The company also attributed the increased number of Prime members to the expanded list of products eligible for free two-day shipping.

Amazon did not detail sales of devices like the Kindle and Fire table, but did say that the division has seen growth. “Amazon devices are the top selling products on Amazon, and customers purchased more than twice

Investor Rebellion Over Executive Pay Gathers Pace

Investor Rebellion Over Executive Pay Gathers Pace

Investor Rebellion Over Executive Pay Gathers Pace
A shareholder rebellion over excessive executive pay has gathered pace with Weir Group, Shire, Standard Chartered and Reckitt Benckiser all targeted by investors. At the annual meeting of engineering firm Weir Group, a proposed pay policy was rejected by 72% of shareholders.

The company says it will discuss alternative options with shareholders.

At drugs maker Shire, 49% of investors voted against a 25% pay increase for chief executive Flemming Ornskov. Every three years shareholders receive a chance to vote on the way the formula for executive pay is constructed. That vote is binding, so the board needs a majority of shareholders to vote in favour. So, in the case of Weir, the board of directors will have to come up with a new plan.

Votes between these three-year cycles are not binding, but can create embarrassment for the boss and the board of directors, as in the case of Shire.
Fund manager Hermes advised shareholders to vote against Shire’s remuneration plan at the annual meeting in Dublin.

“We do not support the increase in salary of 25% for the CEO (chief executive), particularly given that his overall bonus potential is more than 10 times his basic salary and his total remuneration was over $21m last year,” said Hans-Christoph Hirt, co-head of Hermes equity ownership. “We believe that an incremental approach to salary rises is more appropriate and should reflect shareholder value creation over the longer term,” he added.

Meanwhile, Royal London Asset Management said on Thursday it would vote against the 2015 remuneration reports at Standard Chartered and Reckitt Benckiser, the owner of Dettol, Scholl and Nurofen.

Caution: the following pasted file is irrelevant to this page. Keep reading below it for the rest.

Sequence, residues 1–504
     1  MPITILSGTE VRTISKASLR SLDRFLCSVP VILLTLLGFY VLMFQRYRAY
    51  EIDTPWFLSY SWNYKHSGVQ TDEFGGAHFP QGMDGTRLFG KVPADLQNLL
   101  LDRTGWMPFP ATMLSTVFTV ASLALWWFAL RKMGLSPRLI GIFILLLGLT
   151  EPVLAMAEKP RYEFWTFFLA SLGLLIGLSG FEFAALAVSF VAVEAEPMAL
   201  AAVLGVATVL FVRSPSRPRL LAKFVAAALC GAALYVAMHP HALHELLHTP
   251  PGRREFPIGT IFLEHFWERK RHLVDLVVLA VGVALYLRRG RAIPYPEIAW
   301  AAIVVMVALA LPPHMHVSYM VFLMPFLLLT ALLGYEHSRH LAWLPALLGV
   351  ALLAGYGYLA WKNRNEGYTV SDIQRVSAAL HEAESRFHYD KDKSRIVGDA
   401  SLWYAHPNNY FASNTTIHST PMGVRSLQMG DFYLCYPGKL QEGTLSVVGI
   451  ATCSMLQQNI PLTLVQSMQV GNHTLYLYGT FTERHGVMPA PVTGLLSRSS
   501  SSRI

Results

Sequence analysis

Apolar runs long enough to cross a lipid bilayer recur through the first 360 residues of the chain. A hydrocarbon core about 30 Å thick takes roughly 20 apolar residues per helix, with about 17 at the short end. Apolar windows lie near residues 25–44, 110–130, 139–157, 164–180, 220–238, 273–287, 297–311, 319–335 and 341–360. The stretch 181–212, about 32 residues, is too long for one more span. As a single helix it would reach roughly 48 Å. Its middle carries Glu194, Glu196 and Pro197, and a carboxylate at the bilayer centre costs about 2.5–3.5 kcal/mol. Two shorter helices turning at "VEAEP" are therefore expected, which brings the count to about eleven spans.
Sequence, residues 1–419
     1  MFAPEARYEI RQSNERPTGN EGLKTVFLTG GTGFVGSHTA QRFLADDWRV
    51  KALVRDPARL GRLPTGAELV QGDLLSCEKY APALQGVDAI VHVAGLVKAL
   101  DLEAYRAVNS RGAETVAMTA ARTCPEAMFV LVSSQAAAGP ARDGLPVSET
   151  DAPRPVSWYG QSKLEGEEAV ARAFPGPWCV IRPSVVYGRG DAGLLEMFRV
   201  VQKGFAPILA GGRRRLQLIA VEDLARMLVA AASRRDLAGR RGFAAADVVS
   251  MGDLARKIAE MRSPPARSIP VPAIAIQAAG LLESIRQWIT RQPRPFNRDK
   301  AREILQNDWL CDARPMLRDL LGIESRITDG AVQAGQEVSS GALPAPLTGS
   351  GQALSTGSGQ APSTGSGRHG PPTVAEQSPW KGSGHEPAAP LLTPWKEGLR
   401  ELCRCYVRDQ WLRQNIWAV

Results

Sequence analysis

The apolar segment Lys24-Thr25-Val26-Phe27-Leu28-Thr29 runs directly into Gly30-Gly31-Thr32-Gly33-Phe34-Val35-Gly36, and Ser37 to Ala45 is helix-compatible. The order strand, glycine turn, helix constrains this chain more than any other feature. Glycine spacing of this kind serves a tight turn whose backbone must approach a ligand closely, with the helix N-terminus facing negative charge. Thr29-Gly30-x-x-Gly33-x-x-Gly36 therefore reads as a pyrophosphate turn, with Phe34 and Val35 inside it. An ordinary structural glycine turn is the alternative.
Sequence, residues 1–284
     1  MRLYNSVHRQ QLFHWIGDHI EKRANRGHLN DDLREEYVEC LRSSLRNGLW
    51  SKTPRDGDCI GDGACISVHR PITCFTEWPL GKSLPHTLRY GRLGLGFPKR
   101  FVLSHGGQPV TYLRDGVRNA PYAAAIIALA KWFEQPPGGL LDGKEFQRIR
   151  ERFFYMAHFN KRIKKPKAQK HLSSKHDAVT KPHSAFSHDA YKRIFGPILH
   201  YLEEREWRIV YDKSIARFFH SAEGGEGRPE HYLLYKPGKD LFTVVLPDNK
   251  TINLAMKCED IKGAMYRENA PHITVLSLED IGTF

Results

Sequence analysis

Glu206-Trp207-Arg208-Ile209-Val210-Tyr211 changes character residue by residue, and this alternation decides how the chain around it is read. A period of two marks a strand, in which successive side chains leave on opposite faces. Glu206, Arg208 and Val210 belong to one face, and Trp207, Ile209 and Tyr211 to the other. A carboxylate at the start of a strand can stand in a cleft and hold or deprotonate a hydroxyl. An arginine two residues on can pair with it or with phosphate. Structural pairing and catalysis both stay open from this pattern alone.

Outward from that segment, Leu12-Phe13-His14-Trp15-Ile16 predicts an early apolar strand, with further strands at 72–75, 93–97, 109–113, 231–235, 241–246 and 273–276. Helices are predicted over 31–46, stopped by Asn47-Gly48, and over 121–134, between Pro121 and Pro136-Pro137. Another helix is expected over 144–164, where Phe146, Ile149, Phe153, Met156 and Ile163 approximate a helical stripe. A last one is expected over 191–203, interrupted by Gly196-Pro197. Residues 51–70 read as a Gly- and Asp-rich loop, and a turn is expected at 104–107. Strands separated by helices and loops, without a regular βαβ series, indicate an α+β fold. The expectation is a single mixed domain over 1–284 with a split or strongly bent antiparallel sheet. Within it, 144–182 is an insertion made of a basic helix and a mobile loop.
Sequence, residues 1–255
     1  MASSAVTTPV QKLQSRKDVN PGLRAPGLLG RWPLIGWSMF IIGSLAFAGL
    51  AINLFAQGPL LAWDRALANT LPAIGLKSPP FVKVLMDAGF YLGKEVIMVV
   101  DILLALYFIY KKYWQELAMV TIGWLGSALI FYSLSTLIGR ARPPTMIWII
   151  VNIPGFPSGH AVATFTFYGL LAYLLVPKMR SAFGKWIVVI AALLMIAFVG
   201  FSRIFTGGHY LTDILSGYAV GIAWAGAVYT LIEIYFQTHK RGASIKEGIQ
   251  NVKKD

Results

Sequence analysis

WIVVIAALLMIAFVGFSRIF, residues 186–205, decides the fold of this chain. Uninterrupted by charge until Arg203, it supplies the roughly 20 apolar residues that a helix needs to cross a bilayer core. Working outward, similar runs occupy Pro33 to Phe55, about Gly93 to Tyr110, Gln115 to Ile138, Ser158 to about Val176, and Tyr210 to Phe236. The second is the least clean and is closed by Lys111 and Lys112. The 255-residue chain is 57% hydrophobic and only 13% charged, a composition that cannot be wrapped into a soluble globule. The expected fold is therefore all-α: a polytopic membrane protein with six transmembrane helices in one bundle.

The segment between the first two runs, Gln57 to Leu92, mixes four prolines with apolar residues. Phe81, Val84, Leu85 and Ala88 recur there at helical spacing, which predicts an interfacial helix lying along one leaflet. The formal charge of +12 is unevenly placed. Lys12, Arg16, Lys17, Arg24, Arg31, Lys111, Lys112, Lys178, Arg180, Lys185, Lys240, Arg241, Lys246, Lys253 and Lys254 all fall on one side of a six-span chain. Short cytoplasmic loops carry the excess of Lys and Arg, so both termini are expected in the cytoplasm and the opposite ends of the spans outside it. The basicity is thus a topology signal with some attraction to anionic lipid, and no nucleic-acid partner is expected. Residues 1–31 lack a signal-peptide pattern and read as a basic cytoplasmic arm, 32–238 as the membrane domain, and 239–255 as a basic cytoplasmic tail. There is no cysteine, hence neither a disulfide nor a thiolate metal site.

Earlier, WPP chief executive Sir Martin Sorrell was forced to defend his pay package, worth up to £70m. He said his pay was based on the performance of WPP, the world’s largest advertising group.

Sir Martin told BBC Radio 4’s Today programme: “I’m not embarrassed about the growth of the company from two people in one room in Lincoln’s Inn Fields in 1985 to 190,000 people in 112 countries and a leadership position in our industry, which I think is important.”

Last month 59% of BP shareholders voted against a 20% pay rise for chief executive Bob Dudley, that would have netted him £14m. The vote against the increase was non-binding, but BP’s chairman said at the annual meeting that the sentiment would be reflected in future pay deals.

That was a “remarkable” moment according to Stefan Stern, a director at the High Pay Centre, a think tank which monitors executive salaries. “I do think there is a feeling that things have been getting out of hand,” he said. “Shareholders have signed off on pay structures they didn’t understand and now we’re seeing buyer’s remorse,” he added.
Last week a group that includes some of Britain’s most high-profile bosses said that executive pay in the UK is “not fit for purpose” and needs reform.

The Executive Remuneration Working Group said there was “widespread scepticism and loss of public confidence” over executive pay.

Sainsbury’s chairman David Tyler and Legal & General chief executive Nigel Wilson worked on the interim report.

Also last week, Anglo American said it would be “mindful” of concerns about executive pay after more than two fifths of investors voted against a remuneration deal that included £3.4m for chief executive Mark Cutifani.